Last Friday, the main prosecution witness in one of these two cases, Rubaiya Sayeed, daughter of the former Union Home Minister, Mufti Mohammad Sayeed, and sister of the former Chief Minister of J&K, Mehbooba Mufti, appeared in court for the first time in over 32 years to record his statement. She identified Malik and three of his JKLF associates as her captors. His statement, which renders Peoples’ Democratic Party (PDP) President Mehbooba Mufti “politically incorrect” in the Valley election scrum, has the potential for serious consequences for Malik’s fate subject to his survival in cross-examination. .
The CBI completed the investigation and filed a complaint in both cases against Malik and his associates in a TADA court in 1990. There was no explanation of how these cases persisted in protracted litigation and the trial has not started for 29 years. For 10 years, from April 2009 to April 2019, there was no attempt to have the stay overturned during the trial of these cases in a court in Srinagar. After February 2019, the CBI overturned the stay and both cases were transferred to a court in Jammu for trial within weeks. Over the past 3 years, charges have been brought against Malik and his associates in both cases.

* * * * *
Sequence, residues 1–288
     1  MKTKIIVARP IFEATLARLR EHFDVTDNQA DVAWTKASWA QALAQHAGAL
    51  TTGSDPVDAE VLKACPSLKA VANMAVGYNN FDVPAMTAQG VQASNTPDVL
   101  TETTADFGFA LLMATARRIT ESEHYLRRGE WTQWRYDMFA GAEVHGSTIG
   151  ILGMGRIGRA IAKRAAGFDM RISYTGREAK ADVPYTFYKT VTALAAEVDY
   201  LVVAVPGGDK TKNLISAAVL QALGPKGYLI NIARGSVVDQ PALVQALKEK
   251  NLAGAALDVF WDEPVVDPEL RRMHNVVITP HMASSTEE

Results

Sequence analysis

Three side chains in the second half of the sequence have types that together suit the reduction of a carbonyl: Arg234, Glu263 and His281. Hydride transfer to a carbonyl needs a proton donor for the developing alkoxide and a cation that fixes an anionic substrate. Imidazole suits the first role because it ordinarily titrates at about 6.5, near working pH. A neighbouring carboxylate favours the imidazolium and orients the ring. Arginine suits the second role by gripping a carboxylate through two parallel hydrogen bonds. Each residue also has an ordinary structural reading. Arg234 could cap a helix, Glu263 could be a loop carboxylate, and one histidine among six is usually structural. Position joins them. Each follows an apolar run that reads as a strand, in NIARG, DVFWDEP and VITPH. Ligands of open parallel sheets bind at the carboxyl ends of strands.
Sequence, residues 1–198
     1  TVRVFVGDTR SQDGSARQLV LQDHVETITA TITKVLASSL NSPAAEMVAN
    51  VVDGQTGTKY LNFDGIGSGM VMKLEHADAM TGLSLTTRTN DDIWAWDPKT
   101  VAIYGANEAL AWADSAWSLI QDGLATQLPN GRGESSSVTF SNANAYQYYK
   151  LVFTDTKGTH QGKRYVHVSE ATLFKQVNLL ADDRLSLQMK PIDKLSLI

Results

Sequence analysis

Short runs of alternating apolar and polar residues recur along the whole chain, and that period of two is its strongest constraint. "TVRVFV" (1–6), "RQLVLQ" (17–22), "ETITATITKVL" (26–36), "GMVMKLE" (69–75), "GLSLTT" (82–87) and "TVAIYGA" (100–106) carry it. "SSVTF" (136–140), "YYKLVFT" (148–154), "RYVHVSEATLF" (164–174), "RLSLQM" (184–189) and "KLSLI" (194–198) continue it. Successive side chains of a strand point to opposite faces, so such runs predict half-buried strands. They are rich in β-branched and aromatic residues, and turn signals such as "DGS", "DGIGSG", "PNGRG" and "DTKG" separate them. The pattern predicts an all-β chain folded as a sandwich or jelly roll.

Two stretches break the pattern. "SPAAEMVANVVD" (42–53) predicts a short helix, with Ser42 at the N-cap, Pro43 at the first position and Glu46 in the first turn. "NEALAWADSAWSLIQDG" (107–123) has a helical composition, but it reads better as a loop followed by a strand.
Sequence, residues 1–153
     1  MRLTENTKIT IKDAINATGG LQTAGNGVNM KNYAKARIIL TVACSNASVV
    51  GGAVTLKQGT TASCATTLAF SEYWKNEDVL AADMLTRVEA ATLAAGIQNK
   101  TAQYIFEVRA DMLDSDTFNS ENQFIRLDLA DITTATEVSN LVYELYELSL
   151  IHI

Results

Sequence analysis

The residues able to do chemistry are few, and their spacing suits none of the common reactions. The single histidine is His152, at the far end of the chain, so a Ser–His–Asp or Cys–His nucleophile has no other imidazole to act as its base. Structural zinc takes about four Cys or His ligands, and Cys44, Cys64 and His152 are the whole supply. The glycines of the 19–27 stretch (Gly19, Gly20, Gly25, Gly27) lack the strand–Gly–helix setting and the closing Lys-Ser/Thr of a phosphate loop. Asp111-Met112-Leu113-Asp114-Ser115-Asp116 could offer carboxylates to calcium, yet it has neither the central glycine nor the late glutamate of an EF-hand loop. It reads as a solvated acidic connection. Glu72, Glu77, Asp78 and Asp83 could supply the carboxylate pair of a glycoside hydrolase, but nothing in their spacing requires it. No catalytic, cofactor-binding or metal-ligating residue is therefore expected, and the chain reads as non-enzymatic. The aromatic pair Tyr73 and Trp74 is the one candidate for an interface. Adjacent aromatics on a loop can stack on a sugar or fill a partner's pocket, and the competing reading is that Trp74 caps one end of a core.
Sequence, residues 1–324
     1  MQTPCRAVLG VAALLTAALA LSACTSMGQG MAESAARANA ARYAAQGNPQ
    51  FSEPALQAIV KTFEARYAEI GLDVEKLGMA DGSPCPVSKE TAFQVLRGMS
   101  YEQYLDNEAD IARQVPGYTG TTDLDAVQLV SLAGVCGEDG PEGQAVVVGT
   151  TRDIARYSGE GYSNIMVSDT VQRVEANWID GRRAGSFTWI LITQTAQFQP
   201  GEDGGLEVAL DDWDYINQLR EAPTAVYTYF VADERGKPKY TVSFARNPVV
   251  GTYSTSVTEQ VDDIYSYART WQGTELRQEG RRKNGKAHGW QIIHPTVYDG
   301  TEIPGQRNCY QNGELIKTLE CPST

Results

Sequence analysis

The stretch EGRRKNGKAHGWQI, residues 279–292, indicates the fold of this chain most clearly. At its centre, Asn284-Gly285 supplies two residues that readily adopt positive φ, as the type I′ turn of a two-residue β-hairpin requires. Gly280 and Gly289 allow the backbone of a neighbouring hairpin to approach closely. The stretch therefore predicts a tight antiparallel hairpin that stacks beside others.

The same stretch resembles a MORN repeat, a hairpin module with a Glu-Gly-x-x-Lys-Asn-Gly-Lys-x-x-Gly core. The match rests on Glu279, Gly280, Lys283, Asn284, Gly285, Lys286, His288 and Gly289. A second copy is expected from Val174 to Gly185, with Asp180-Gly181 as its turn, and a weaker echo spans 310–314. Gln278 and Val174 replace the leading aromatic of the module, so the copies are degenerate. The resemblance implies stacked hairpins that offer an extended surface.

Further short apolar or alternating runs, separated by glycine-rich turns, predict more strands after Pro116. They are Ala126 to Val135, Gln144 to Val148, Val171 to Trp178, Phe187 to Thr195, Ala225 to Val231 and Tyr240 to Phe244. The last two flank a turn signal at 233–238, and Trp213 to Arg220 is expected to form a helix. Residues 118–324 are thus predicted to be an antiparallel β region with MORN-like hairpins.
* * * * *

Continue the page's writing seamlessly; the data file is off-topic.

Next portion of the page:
In June 2003, the then Chief Minister, Mufti Mohammad Sayeed, gave his daughter’s alleged abductor free to promote his campaign for the ‘azadi’ in Kashmir’s schools and colleges. For granting Kashmiris “the right to decide their own future”, a political euphemism for separation from India, and including them as “a party in the tripartite talks with India and Pakistan” , Malik has set himself the goal of obtaining the signatures of two million people.
Interestingly, Malik started his campaign in Mufti’s own constituency, Anantnag. He was accompanied by his former fellow activists and senior JKLF commanders, Javed Ahmad Mir and Noor Mohammad Kalwal, who according to the CBI indictment were among the ten kidnappers of Rubaiya Sayeed. Abducted on December 8, 1989, Rubaiya was released on December 13, 1989, only after then-Vice President Singh’s government at the Center forced then-Chief Minister Farooq Abdullah to release five militants from the JKLF in exchange for her.
In unprecedented political drama, nearly all criminal charges against Malik and his associates have been virtually dropped.